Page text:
Poetry Saturday—Growing Old

They call it “going down the hill” when we are growing old,
And speak with mournful accents when our tale is nearly told;
They sigh when talking of the past, the days that used to be,
As if the future were not bright with immortality.
 
But it is not going down; ‘tis climbing high and higher,
Until we almost see the mountain that our souls desire;
For if the natural eye grows dim it is but dim to earth,
While the eye of faith grows keener to discern the Savior’s worth.
 
Who would exchange for shooting blade the waving golden grain?
Or, when the corn is fully ripe, would wish it green again?
And who would wish the hoary head, found in the way of truth
To be again encircled in the sunny locks of youth?
 
 
For though, in truth, the outward man must perish and decay,
The inward man shall be renewed by grace from day to day;
Those who are planted by the Lord, unshaken in their root,
Shall in their old age flourish and bring forth their choicest fruit.
 
It is not years that make men old; the spirit may be young,
Though fully threescore years and ten the wheels of life have run.
God has Himself recorded, in His blessed Word of truth,
That they who wait upon the Lord shall even renew their youth.
 
And when the eye, now dim, shall open to behold the King,
And ears now dull with age shall hear the harps of Heaven ring,
And on the head now hoary shall be placed the crown of gold,
Then shall be known the lasting joy of never growing old. —Anonymous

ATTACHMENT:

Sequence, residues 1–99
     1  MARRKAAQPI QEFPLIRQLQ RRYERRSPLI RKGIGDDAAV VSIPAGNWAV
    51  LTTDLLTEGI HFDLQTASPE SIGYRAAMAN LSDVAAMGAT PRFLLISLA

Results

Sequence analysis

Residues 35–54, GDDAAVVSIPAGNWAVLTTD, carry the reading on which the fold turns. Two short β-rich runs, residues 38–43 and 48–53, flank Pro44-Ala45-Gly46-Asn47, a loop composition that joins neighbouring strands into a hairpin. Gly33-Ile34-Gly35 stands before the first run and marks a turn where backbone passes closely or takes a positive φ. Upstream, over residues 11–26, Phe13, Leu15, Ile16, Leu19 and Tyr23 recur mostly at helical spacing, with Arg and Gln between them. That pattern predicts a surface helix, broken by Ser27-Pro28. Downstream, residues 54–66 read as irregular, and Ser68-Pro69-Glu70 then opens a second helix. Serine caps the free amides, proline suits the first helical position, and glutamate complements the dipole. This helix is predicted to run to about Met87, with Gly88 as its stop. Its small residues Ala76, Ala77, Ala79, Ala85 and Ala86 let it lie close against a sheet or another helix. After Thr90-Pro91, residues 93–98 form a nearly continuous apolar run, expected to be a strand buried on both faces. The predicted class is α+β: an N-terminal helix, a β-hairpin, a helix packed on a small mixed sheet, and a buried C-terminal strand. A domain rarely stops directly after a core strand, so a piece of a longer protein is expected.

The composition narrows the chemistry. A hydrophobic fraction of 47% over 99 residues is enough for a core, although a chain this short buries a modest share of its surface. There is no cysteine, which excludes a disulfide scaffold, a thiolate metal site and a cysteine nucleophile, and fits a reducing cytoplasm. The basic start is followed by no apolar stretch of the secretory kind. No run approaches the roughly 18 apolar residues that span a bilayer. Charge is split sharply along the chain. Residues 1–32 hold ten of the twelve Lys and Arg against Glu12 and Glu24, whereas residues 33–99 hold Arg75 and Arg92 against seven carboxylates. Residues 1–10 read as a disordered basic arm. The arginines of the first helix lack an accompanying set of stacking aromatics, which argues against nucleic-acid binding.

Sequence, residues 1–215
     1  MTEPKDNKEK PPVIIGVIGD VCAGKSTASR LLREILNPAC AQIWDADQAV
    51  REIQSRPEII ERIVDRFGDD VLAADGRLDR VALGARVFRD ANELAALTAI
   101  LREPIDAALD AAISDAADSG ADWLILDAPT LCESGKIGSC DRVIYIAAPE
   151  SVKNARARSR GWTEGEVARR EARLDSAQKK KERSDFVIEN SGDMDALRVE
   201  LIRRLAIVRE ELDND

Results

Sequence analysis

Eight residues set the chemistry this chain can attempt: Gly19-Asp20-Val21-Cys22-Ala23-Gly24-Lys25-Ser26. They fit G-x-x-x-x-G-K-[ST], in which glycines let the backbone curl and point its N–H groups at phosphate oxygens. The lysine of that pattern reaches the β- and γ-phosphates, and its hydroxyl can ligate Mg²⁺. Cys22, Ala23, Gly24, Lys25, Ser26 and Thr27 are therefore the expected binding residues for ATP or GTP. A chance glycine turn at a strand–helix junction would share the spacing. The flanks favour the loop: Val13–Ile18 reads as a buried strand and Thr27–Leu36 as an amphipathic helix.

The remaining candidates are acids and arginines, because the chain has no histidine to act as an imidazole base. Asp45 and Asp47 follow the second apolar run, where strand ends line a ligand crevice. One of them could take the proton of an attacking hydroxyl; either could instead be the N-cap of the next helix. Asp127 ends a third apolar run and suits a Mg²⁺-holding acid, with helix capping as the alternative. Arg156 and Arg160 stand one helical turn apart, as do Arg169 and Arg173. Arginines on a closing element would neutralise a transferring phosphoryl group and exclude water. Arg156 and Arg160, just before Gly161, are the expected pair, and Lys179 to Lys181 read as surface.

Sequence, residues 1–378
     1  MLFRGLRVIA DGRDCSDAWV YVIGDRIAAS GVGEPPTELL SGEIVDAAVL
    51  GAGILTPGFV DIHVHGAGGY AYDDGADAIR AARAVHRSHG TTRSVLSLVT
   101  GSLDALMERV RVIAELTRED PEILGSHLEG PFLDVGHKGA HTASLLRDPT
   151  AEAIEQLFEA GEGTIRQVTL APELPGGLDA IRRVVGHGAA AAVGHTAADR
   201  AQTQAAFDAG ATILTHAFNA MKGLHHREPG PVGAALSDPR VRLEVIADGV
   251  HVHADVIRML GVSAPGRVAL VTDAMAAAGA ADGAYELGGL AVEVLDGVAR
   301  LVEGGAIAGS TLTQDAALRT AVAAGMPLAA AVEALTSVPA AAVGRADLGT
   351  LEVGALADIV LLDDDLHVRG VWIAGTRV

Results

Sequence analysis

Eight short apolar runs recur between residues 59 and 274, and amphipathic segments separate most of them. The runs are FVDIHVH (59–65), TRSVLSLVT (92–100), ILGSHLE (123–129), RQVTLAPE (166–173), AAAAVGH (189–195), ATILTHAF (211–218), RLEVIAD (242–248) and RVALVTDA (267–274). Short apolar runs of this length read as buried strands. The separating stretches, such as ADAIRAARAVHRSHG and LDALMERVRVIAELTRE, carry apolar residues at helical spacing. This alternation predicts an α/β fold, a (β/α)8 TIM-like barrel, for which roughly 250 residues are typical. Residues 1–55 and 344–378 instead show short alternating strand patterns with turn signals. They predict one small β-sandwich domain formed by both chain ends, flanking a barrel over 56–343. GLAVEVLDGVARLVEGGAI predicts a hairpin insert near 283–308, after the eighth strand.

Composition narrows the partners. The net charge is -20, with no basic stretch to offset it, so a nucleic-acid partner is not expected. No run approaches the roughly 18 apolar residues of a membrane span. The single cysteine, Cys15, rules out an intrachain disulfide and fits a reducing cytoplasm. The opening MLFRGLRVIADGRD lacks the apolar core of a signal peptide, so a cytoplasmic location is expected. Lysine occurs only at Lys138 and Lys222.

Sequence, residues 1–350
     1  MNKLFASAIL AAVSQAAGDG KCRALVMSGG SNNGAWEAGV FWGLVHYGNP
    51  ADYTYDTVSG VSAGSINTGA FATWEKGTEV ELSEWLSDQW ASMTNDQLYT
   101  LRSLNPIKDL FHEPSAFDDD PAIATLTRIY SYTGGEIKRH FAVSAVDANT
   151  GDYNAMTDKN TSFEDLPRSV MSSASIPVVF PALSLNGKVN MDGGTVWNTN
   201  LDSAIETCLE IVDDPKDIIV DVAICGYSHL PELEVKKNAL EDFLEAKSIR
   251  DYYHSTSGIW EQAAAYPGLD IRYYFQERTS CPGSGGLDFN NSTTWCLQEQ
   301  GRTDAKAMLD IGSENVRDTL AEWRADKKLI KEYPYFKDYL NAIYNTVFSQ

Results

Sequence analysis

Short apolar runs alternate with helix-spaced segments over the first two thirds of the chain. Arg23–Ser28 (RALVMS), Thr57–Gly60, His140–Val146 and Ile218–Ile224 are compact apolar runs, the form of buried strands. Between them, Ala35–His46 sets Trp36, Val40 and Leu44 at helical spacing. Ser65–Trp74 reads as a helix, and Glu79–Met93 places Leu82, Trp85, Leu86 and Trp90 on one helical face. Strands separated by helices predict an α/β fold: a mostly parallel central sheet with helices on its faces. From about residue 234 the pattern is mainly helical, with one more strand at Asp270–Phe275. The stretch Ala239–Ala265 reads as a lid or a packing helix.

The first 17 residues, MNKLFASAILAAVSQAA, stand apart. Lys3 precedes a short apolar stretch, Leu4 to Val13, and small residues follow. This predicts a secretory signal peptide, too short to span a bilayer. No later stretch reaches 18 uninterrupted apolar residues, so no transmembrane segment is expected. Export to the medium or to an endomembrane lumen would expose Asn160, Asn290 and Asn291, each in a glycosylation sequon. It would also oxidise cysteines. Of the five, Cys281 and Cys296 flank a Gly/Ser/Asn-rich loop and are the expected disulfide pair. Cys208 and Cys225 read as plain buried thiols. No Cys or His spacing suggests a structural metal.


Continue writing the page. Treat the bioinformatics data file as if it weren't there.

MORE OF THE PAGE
More Trust With Each Birthday

“Peradventure it is written in the tablets of Thine eternal purpose that we shall soon end this mortal life and die. Well, be it so, we shall the sooner see Thy face, the sooner drink eternal draughts of bliss. But if Thou hast appointed for us grey hairs and a long and weary time of the taking down of the tabernacle, only grant us grace that by infirmity our faith may never fail us, but when the windows are darkened may we still look out to see the hope that is to be revealed; and when the grasshopper becometh a burden still let our strength be as our days, even to the last day. … O God, we can trust Thee, and we do. Our faith has gathered strength by the lapse of years. Each following birthday, we trust, confirms us in the fact that to rely upon God is our happiness and our strength.” —Charles Spurgeon, from The Pastor In Prayer

I shared other quotes from this book here.

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